Bill Miller is best known for managing his flagship Legg Mason Value Trust, which beat its benchmark S&P500 Index for 15 consecutive years until 2006. The past two years have been a test of patience for Miller, chairman and CIO of Legg Mason Capital Management. He shares his views with AsianInvestor about the US equities market and how his investment strategy for his US-focused fund has evolved over the past months.

The last time we spoke to you in October 2007, you were tweaking your overall strategy. You were buying more large-cap US companies, reducing exposure among your top 10 holdings, increasing the total number of stocks you hold, and selling some of your small- to mid-caps to increase returns. How has that strategy worked for you so far?

Miller: Since October 2007, our strategy has changed because the circumstances have changed. One of the significant market developments in the past several months has been a spike in valuation dispersion from one standard deviation below average to almost two standard deviations above average. Therefore, instead of increasing portfolio diversification, an appropriate strategy when valuation spreads are narrow, we believe given the current environment, is to increase portfolio concentration.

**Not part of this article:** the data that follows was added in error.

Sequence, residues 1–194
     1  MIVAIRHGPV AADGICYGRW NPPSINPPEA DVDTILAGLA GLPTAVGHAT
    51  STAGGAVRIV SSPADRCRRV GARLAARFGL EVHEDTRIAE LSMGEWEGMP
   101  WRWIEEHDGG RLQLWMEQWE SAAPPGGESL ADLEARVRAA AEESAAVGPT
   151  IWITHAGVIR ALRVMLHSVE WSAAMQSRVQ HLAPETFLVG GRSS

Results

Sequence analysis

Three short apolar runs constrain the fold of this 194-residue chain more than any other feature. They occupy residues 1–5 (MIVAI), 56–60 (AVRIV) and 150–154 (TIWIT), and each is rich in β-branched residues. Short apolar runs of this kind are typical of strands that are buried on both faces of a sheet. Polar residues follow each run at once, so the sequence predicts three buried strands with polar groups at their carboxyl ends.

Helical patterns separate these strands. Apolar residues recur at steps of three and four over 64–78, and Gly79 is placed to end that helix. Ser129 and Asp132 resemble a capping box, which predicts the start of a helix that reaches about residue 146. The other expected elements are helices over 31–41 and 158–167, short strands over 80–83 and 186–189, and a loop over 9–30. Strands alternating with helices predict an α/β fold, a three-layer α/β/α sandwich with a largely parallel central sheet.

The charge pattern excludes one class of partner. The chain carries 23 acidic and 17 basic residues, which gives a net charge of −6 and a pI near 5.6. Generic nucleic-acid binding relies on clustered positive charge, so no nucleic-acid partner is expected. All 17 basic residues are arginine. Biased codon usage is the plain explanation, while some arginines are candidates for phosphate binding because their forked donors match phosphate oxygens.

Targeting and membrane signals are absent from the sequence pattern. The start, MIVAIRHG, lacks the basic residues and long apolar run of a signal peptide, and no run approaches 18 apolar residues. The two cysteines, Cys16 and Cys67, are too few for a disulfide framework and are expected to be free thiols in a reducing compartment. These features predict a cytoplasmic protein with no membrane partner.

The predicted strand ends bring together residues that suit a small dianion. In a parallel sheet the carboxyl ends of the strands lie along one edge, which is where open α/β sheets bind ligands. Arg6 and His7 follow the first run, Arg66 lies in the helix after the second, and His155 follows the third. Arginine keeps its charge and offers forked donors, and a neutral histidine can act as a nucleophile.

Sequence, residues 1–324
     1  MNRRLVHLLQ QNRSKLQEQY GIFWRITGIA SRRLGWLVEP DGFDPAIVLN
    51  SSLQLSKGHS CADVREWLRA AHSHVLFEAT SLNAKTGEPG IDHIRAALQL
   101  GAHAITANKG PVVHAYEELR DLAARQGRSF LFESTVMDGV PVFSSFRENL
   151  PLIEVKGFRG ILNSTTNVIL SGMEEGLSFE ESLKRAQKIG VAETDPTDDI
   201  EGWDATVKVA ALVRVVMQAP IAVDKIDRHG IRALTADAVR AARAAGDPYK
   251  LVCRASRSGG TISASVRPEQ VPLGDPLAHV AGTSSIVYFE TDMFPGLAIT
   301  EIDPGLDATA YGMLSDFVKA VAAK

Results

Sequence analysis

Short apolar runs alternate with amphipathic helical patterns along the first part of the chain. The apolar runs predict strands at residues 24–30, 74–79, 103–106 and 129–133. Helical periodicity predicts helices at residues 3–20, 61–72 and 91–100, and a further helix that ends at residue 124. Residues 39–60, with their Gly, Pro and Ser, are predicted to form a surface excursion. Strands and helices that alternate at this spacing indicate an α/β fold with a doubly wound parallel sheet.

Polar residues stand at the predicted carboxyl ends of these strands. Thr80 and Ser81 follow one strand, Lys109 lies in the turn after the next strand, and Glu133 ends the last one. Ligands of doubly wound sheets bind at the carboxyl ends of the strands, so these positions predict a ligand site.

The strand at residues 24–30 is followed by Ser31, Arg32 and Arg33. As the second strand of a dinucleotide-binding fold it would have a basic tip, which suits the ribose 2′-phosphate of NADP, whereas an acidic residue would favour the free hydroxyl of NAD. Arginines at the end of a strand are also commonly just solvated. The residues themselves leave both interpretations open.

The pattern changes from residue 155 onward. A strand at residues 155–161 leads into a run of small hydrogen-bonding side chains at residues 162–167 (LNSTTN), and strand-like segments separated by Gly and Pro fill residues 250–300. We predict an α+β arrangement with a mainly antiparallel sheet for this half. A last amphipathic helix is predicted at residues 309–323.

The number of portfolio securities has declined from 44 last September to 35 currently, and the combined weight of our 10 largest holdings remains around 50%. We are still finding attractive valuations among large-cap stocks, and much of our recent portfolio trimming has been focused in the small- to mid-cap space. Historically, wide valuation dispersions have favoured valuation-based strategies, and we believe our portfolio is well positioned to take advantage of the current environment.

How has the investment strategy that you adopted over the past months affected the composition of your flagship Legg Mason Value Trust fund?

The most significant change in Value TrustÆs composition is a shift from a 500-basis-point underweight in financials to a 500-basis-point overweight, reflecting the significant investment opportunities we see in that battered sector. Financials are trading near their 1990 trough valuation levels and at relative price-to-book levels which historically have boded well for future returns. The Fed-orchestrated rescue of Bear Stearns likely marked the end of the panic phase of the credit crisis, and we believe the eventual stabilisation of the credit markets will provide the conditions necessary for financial stocks to begin to outperform.

How has the Legg Mason Value Trust fund performed since October last year? How has it performed year-to-date?